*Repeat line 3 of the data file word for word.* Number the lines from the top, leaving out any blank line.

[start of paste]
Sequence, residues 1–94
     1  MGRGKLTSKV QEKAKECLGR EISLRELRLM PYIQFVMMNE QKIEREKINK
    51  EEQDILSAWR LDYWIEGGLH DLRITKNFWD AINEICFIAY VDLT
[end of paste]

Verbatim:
    51  EEQDILSAWR LDYWIEGGLH DLRITKNFWD AINEICFIAY VDLT